A rate cut will not just boost growth, it will help the bottom lines of banks and that of corporates- it would help address the "twin balance" sheet problem. The problem, as I see it, is that the RBI committed itself to a 4 per cent inflation target when the government gave it a flexible band of 4 plus or minus 2 per cent. Now, that's called being overzealous.

By the way, Surjit  Bhalla flays the MPC today for getting its inflation forecasts hopelessly wrong:

At its first demonetisation meeting on December 7, the MPC concluded that demonetisation was temporary and so, it should look through its effects on dampening inflation and growth. It expected inflation and GDP growth to hustle up in a “V-shaped” pattern. The reality — GDP growth has been flat at 7 per cent, inflation has followed just the first half of the V. The MPC’s post-demonetisation short-term three-month forward forecast for March 2017 was 5 per cent with an upside bias. Actual March 2017 CPI inflation — a low 3.5 per cent! Actual April CPI inflation — 3 per cent. I have searched far and wide but not found any central bank, or even an amateur economist, with such a large forecast error for a three-month projection. These forecast errors are liable to get worse.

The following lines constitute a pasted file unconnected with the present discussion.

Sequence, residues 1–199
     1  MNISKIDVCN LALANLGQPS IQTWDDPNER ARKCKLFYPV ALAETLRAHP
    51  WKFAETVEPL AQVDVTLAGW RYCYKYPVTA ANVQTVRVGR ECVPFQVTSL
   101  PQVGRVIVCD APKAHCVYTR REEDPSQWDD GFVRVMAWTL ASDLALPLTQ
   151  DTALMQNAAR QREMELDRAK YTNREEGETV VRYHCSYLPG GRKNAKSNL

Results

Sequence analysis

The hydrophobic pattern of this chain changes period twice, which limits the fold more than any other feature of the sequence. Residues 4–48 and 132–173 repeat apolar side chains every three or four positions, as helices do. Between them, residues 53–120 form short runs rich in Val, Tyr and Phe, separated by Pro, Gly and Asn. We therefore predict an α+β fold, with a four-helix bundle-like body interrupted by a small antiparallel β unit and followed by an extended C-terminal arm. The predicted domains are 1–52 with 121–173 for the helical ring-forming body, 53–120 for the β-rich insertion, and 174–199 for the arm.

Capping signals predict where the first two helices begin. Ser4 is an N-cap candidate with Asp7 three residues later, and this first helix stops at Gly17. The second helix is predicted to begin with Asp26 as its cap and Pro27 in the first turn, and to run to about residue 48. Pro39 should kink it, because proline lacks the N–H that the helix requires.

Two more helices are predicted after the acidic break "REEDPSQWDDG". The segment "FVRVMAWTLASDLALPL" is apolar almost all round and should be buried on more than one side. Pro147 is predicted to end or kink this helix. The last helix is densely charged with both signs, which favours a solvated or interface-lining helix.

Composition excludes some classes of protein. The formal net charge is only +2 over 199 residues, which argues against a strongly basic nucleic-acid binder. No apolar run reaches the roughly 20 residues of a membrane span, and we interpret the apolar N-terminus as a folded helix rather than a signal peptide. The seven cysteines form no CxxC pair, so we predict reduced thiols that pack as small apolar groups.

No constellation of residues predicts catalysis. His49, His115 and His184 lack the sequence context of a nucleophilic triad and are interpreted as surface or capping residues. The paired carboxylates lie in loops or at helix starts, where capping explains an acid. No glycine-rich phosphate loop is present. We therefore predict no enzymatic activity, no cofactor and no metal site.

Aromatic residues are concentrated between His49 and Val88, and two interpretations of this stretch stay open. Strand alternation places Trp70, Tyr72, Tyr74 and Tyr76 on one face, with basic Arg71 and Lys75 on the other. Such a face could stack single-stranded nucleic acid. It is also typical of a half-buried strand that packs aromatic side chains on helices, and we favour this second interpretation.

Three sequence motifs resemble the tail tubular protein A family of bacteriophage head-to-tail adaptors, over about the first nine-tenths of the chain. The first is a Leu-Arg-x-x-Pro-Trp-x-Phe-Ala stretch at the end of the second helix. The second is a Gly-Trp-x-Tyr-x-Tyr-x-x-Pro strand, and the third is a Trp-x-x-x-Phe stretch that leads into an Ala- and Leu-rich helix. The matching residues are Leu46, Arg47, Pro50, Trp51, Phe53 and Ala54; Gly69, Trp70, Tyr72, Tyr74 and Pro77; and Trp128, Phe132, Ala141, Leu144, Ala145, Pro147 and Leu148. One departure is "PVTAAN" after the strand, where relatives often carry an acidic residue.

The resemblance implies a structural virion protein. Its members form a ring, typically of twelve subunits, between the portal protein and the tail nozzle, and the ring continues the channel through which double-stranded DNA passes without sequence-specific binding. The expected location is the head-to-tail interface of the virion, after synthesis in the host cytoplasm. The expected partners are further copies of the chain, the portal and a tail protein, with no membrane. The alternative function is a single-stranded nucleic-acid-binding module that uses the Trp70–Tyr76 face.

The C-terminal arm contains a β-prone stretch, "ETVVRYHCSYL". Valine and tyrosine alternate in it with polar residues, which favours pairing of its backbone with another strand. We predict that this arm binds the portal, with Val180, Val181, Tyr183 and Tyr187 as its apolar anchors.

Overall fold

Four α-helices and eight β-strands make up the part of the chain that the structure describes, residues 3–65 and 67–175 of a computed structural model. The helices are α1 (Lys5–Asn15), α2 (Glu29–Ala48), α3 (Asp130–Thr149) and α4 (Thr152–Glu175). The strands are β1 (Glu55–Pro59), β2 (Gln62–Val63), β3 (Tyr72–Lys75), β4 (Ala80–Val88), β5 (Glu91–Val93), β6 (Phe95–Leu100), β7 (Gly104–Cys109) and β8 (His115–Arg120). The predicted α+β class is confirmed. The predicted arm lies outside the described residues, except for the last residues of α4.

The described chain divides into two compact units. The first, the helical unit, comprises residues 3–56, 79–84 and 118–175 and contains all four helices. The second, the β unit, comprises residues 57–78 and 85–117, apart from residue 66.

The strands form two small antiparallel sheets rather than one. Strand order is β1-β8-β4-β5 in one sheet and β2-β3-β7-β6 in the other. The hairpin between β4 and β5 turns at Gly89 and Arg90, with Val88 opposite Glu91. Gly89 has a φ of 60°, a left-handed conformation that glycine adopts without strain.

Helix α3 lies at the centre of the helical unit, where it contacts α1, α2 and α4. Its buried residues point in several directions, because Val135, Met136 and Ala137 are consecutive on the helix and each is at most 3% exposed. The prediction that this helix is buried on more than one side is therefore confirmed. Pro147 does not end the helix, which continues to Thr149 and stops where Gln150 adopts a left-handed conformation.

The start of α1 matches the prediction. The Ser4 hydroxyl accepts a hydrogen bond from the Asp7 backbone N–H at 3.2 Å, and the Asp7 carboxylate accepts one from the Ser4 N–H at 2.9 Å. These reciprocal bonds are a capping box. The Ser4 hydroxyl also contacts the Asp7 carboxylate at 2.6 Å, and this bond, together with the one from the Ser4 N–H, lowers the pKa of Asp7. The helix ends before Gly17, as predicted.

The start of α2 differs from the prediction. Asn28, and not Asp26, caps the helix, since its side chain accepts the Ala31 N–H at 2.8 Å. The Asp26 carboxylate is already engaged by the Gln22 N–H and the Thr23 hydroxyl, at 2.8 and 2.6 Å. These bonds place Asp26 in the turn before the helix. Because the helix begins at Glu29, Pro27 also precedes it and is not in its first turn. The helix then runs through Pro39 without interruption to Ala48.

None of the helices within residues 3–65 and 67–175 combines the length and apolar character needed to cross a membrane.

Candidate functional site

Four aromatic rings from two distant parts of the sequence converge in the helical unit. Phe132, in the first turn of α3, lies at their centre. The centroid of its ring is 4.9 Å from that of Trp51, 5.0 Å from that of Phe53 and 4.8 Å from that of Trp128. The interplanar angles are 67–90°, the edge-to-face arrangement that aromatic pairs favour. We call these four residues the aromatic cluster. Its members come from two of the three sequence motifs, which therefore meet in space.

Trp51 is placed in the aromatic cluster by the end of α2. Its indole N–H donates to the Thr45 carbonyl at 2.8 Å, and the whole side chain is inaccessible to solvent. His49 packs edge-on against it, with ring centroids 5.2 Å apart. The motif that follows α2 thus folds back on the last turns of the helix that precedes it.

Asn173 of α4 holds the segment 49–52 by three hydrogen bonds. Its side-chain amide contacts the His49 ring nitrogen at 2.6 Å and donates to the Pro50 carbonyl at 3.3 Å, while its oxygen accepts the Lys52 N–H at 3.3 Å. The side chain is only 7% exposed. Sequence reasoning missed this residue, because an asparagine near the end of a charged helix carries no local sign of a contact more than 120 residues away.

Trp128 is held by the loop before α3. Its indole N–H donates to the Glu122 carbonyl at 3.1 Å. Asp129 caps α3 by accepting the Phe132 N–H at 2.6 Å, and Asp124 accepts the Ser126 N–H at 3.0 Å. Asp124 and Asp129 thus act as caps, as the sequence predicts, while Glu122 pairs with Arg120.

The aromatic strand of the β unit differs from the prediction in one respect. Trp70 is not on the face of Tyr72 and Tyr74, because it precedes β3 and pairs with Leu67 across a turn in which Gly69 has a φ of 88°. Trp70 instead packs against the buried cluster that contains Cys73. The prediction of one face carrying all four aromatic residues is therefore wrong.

He also points out that the RBI has moved deftly from targeting headline inflation to what he calls a "false" measure of inflation:
First, the MPC broadly hinted that it was going against its own mandate of targeting headline inflation and was now considering targeting core inflation. But most brazenly, it chose to emphasise false core inflation as its target, that is, core inflation including petrol. No central bank in the world targets false core; it seems the RBI felt it was appropriate to do so because oil prices were hovering round $55/barrel and domestic petrol prices were inflating at 18 per cent per annum. So false core was sticky at 5 per cent, as the MPC “rightly” concluded. However, no sooner had the MPC penned this excuse that oil prices (internationally and domestically) began to fall. And, along with it, false core inflation. The April CPI data, released just days after the MPC excuses on April 7, now showed even false core hovering around 4.4 per cent, having declined from 5 per cent a month earlier.